Chaosphere Review

artist: Meshuggah date: 07/04/2013 category: compact discs
Meshuggah: Chaosphere
Released: Nov 10, 1998
Genre: Progressive Death Metal, Djent
Label: Nuclear Blast
Number Of Tracks: 8
"Chaosphere" is the third album by Swedish metal band Meshuggah.
 Sound: 9.5
 Lyrics: 9.5
 Overall Impression: 9.5
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reviews (2) 5 comments vote for this album:
overall: 10
Chaosphere Reviewed by: jamesyboyy, on december 23, 2003
1 of 2 people found this review helpful

Sound: This album beats you around the head from the word go. There is no intro, no nice guitar riff or drum fill, everything tumbles out of your speakers all at once creating a wall of sound like nothing you've heard before. The guitars, vocals, drums and bass don't sound human, it's as if robots took the band's minds and made this album. Excellent production and relentless brutality. // 10

Lyrics: As far as vocals go this album has two extremes: Throat-bleeding screaming or rare creepy whispering. Jens Kidman has a wonderful scream, in fact Jens screams almost constantly sceams throughout the 8 tracks and 45 minutes that caosphere takes place. A coarse, bloody painful scream that if you take the time to decipher, is saying some very interesting things. Extremely intelligent thought provocing lyrics. // 10

Overall Impression: Individual songs cannot be picked out above the others, this is an album that needs each song to put accross the expression of the band. Complicated polyrhythms, mosh-pit friendly vocals and the most individual and dynamic guitar solos I've ever heard. Yes this is noise, yes this the heaviest album ever made and yes it is definitely worth buying. // 10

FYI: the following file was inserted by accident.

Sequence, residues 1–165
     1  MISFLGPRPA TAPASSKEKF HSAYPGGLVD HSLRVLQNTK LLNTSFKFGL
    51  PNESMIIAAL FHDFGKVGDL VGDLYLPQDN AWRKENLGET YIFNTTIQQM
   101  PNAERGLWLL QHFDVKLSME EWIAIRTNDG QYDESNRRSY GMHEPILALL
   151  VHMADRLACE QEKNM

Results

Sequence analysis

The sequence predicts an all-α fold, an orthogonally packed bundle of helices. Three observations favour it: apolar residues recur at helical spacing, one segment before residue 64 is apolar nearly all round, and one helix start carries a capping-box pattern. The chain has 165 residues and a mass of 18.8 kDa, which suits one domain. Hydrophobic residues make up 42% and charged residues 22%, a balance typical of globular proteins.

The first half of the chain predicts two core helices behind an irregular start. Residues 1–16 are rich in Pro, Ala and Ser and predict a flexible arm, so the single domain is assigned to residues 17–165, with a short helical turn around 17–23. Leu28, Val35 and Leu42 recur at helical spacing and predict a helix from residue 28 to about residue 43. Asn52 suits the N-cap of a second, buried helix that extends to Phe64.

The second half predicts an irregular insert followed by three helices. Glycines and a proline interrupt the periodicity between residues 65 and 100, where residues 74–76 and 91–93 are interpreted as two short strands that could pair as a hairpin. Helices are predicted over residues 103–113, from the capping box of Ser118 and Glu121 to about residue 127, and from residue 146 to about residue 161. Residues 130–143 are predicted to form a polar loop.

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overall: 9
Chaosphere Reviewed by: MeshuggahAddict, on july 04, 2013
0 of 0 people found this review helpful

Sound: As you can see from my user name, Meshuggah are one of my favourite bands, but I'm not going to over-glorify their work, as much as I love it. In terms of the actual sound of the instruments, the sound of this album is as with most Meshuggah records, what I like to think of a well tailored. It is punishing yet precise distortion, it manages to sound very aggressive but doesn't hamper the technicality of the music. The tracks are relatively fast paced, not as much tempo variation and time signature experimentation on this album, the fierceness of the songs are put ahead more, there are also less sections of Thordendal's jazz-fusion solos. However, this does not mean that the music is by any means not Meshuggah standard, in particular, one of the now fan favourites "New Millennium Cyanide Christ" is a spectacular track. The tempo is unusual (23/16 guitar over 4/4 drums), if not quite as crazy as some of the stuff we have seen Meshuggah do before. It is truely addictive none the less. Some of the slightly slower paced tracks, "Neurotica" for example, have a really good groove, you can really sense the origins of Djent here. Plenty of other great songs on there, "The Mouth Licking What You've Bled" will certainly have you waiting a few seconds to figure out how to head bang to it. Overall, a very consistent, technical and heavy as hell sound. // 9

Lyrics: Lyrics as always from Meshuggah, twisted but deep and in some cases verging on hints of philosophical. For example, "New Millennium Cyanide Christ" is about a man who seeks to move closer to God by physically removing senses and bodily functions which he views to inhibit his goal. The twisted nature is gone by no means, "Ceramic blades implanted past my ribs to save me from the dues of inhalation" and "Baptised in vitriolic acid, a final touch a smoothing of features." Jens Kidman maintains his brutal hardcore bark and screams, his complex vocal timings adding to the technicality of the instruments. // 9

Overall Impression: Personally I found this album addictive, will it doesn't display the pinnacle of progressive style in the sense of its experimentation, the solid sound, structure and texture make this an amazing record. This is a much rawer sound, it sounds angry, fast and almost more refined, as there aren't as many fancy experimental sections, its like it gets to the point much fast. All I would have asked for would have been a bit more lead and complex melody passages, though I can understand Meshugggah wanting the riffs to speak for themselves and they certainly do. Amazing album, near faultless to me.

// 9

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